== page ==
Common home seller com­plaint: Com­mis­sion, fees too high

Sun Sentinel Broward Edition - Homespot - Broward East - - CONDO & H.O.A. LAW -

year and no in­fes­ta­tion was found. Other po­ten­tial buy­ers had an in­spec­tion, and while that in­spec­tion had come out fine, I couldn’t get a copy of the re­port.

With this fee and other costs (for the lawyer, etc.) I wound up with much less than I need to live, in­clud­ing pur­chas­ing health in­surance, which I can’t re­ally af­ford. (I have a back frac­ture and a pinched nerve and lots of pain.)

If you have any in­for­ma­tion re­gard­ing ter­mite in­spec­tion re­quire­ments, I would ap­pre­ci­ate it. I’m so sick of be­ing a home seller! much from the sale as they ex­pected. It was only dur­ing the real es­tate boom years that sell­ers were only too happy to pay clos­ing costs when they were mak­ing so much money on the sale of their homes.

One of the most fre­quented pages on Ilyce’s web­site (ThinkGlink.com) is the one that lists seller clos­ing costs. It is quite ex­pen­sive to buy and sell real es­tate. In some parts of the coun­try, mu­nic­i­pal­i­ties have ad­di­tional trans­fer fees and mort­gage record­ing taxes that can truly in­crease the cost of ei­ther sell­ing or buy­ing a home.

Of all of the costs of sale you listed, the largest was the real es­tate com­mis­sion, which prob­a­bly came in at around 6 per­cent. While ex­pen­sive, that was very nec­es­sary.

Your real es­tate agent did what he was sup­posed to do. He found a buyer for your home. While it is quite common to see a com­mis­sion of 6 per­cent, some sell­ers find agents will­ing to han­dle a list­ing for 5 per­cent. At the same time, some real es­tate com­pa­nies are shift­ing the bur­den and cost of list­ing a home from the company to the seller. Th­ese com­pa­nies charge a fixed, non-re­fund­able fee for “list­ing” the home.

This fee is in ad­di­tion to the com­mis­sion, and it can ap­proach $500. How­ever, hav­ing got­ten this fee, the list­ing company is more will­ing to take a slightly lower com­mis­sion for the sale of the home. If you change com­pa­nies, don’t sell the home or de­cide to take the home off the mar­ket, the list­ing company keeps the fee.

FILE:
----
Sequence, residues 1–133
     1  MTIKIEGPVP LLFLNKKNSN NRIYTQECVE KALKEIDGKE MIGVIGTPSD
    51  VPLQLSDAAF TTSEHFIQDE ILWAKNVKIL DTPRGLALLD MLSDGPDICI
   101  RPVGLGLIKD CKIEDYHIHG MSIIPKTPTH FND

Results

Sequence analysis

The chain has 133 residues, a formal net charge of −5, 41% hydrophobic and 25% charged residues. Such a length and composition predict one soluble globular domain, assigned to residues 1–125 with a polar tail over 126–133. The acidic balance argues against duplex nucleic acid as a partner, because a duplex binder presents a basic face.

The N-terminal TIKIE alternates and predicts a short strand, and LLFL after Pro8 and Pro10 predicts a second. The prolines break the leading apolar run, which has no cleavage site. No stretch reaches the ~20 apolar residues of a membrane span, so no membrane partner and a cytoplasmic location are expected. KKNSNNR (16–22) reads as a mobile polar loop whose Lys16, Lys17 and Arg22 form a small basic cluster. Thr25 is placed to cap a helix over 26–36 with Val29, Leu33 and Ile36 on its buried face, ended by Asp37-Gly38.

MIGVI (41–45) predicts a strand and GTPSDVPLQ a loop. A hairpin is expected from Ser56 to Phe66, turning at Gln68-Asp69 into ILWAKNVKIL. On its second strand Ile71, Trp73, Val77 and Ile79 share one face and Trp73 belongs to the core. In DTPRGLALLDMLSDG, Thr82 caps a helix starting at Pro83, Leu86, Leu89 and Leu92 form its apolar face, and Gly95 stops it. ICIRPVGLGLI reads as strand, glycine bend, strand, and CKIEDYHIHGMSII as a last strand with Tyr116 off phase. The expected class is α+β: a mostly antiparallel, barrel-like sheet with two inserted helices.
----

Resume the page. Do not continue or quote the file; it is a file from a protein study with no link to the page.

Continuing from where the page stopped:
As for the ter­mite fee, it is re­ally a small cost rel­a­tive to all the oth­ers. Un­for­tu­nately, given where you are in the trans­ac­tion, it ap­pears that you will have to bear that ex­pense. In some states, cus­tom dic­tates who pays what clos­ing ex­pense. If there is a law in your area that re­quires the seller to pro­vide a ter­mite in­spec­tion, then you’d have to pro­vide it. If there is no law on the is­sue, lo­cal cus­tom in your area would dic­tate who should pay the fee.

Given that you say that at least one other buyer paid for a ter­mite in­spec­tion for your home, it might be that you were not re­quired to pro­vide a ter­mite in­spec­tion and that your buyer ne­go­ti­ated that point in the pur­chase and sale agree­ment. If the buyer re­quested that you ob­tain and pay for a ter­mite in­spec­tion in the con­tract, you were ob­li­gated to ob­tain it. The same might be said about the home

war­ranty.

There’s not much you can do now other than follow the terms of the con­tract you signed. Un­for­tu­nately, as you can see from the ar­ti­cles on seller clos­ing costs on ThinkGlink.com, there are dozens of clos­ing costs, and you’re prob­a­bly lucky you don’t live in a state that would have re­quired you to pay even more.

Good luck and we hope your health im­proves.

Ilyce Glink is the cre­ator of an 18-part we­bi­nar and ebook se­ries called “The In­ten­tional In­vestor: How to be wildly suc­cess­ful in real es­tate,” as well as the au­thor of many books on real es­tate.

(c) 2015 Ilyce R. Glink and Sa­muel J. Tamkin. dis­trib­uted by Tri­bune Con­tent Agency, LLC.

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